Leg tingling a common symptom that occurs as a result of nerve compromise. Although pain may accompany tingling, it does not always have to. Tingling has a number of causes, each of which will be diagnosed in different ways, so you should see your doctor if your tingling is of concern to you. The preferred treatment and outlook for somebody whose legs are tingling are highly dependent on the cause of the tingling.
Tingling, which is known medically as "parasthesia," is also often described as a feeling of "pins and needles," "limbs falling asleep" and "prickling" and is usually experienced in the extremities. It occurs when sensory nerves that supply sensation to your extremities become compromised and begin to fire dysfunctionally, sending incorrect sensory messages to your brain.
Tingling and pain do not always occur together. There are many reasons why this might be the case, but the most simple reason has to do with the observation that there are many different kinds of nerves that send different kinds of signals to your brain, and they often run in parallel with one another. Compromising certain kinds of nerves can cause pain, and compromising other kinds of nerves can cause tingling. It all depends on the kind of nerve compromise occurring in your particular situation.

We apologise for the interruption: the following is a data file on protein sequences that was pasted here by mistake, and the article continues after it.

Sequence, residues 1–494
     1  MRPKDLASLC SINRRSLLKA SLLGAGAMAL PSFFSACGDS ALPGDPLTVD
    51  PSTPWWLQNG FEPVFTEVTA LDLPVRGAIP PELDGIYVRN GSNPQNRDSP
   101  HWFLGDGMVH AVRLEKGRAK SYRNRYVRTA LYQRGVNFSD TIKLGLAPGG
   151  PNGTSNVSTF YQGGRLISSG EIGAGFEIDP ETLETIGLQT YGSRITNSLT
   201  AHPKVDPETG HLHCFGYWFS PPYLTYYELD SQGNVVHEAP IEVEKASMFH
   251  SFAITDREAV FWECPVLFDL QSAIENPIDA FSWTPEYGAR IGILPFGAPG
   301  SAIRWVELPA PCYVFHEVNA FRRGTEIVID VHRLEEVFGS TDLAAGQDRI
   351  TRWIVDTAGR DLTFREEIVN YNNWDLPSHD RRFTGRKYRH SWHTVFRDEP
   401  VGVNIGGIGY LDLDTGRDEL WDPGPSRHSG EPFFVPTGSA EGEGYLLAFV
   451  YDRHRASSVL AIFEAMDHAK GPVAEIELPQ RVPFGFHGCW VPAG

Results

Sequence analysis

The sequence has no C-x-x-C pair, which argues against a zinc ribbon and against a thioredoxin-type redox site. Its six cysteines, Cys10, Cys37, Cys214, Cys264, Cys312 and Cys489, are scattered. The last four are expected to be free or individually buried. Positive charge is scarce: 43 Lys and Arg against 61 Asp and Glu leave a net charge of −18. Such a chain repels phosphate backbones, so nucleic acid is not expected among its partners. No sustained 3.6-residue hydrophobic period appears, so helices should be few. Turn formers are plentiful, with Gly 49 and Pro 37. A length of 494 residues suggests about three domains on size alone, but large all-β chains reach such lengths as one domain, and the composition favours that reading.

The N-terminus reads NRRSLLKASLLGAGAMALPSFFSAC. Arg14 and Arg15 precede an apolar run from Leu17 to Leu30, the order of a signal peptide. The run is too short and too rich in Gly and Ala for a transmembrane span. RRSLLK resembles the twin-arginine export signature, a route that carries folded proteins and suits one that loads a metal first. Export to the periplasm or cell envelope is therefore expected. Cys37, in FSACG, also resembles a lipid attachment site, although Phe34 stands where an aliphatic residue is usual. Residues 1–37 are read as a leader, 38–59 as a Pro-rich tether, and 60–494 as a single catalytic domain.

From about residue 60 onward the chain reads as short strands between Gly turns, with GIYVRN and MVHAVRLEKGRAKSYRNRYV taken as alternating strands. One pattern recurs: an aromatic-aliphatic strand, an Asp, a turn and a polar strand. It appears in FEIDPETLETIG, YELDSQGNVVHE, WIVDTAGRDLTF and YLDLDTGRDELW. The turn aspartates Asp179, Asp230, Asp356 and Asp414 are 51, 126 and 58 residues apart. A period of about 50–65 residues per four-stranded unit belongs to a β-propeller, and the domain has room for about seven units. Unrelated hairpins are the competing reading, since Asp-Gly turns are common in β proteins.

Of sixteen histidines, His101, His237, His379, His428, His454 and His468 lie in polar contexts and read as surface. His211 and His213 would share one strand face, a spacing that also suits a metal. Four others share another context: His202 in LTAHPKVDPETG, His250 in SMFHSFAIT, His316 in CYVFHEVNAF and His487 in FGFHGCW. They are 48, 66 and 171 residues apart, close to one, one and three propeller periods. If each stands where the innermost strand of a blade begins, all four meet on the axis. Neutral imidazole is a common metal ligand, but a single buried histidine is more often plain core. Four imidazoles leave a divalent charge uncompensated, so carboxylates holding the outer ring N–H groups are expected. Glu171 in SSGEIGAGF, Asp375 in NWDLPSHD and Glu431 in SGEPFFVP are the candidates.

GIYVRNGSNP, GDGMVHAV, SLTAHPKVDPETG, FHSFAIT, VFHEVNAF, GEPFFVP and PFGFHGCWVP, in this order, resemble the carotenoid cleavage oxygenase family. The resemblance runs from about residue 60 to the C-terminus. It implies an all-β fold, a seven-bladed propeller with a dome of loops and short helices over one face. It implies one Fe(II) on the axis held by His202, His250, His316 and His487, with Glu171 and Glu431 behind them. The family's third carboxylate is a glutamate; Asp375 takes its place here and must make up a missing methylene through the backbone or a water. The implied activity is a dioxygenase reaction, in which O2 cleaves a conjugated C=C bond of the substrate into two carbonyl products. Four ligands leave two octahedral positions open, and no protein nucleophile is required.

The differential diagnosis of leg tingling is broad and includes completely harmless processes such as sitting in an awkward position for too long, which can cause temporary nerve compression, and serious medical conditions such as a tumor compressing a nerve or Guillan-Barre syndrome, which is an autoimmune disease that results from a viral infection. Other less severe, but still concerning conditions that can cause leg tingling include a herniated disc, vitamin B12 deficiency and diabetes.
You will need to see your doctor to accurately diagnose the cause of your leg tingling. Your doctor will ask you historical questions about the tingling, such as when it began, what makes it better and what makes it worse. Answers to these questions coupled with physical examination findings and laboratory tests will help lead your doctor to the correct diagnosis. For example, leg tingling as a result of a herniated disc may elicit a history of tingling that started after pain with heavy lifting, and the herniated disc may be visible on magnetic resonance imaging. In contrast, tingling as a result of diabetes would primarily be diagnosed based on a history of poorly controlled diabetes.
As with the process of diagnosing leg tingling, the prognosis depends on the cause. If your leg is tingling because you've been sitting in the wrong position for too long, all you may need to do is change positions more frequently. However, if your tingling is the result of a more serious condition, your prognosis will depend on how well you and your doctor are able to address that condition. For example, a herniated disc may eventually require surgery to cause tingling to go away, and diabetes will require strict control of blood glucose as well as significant lifestyle and dietary changes to improve, and in both these conditions, if the appropriate treatment is not adhered to, the tingling will not go away.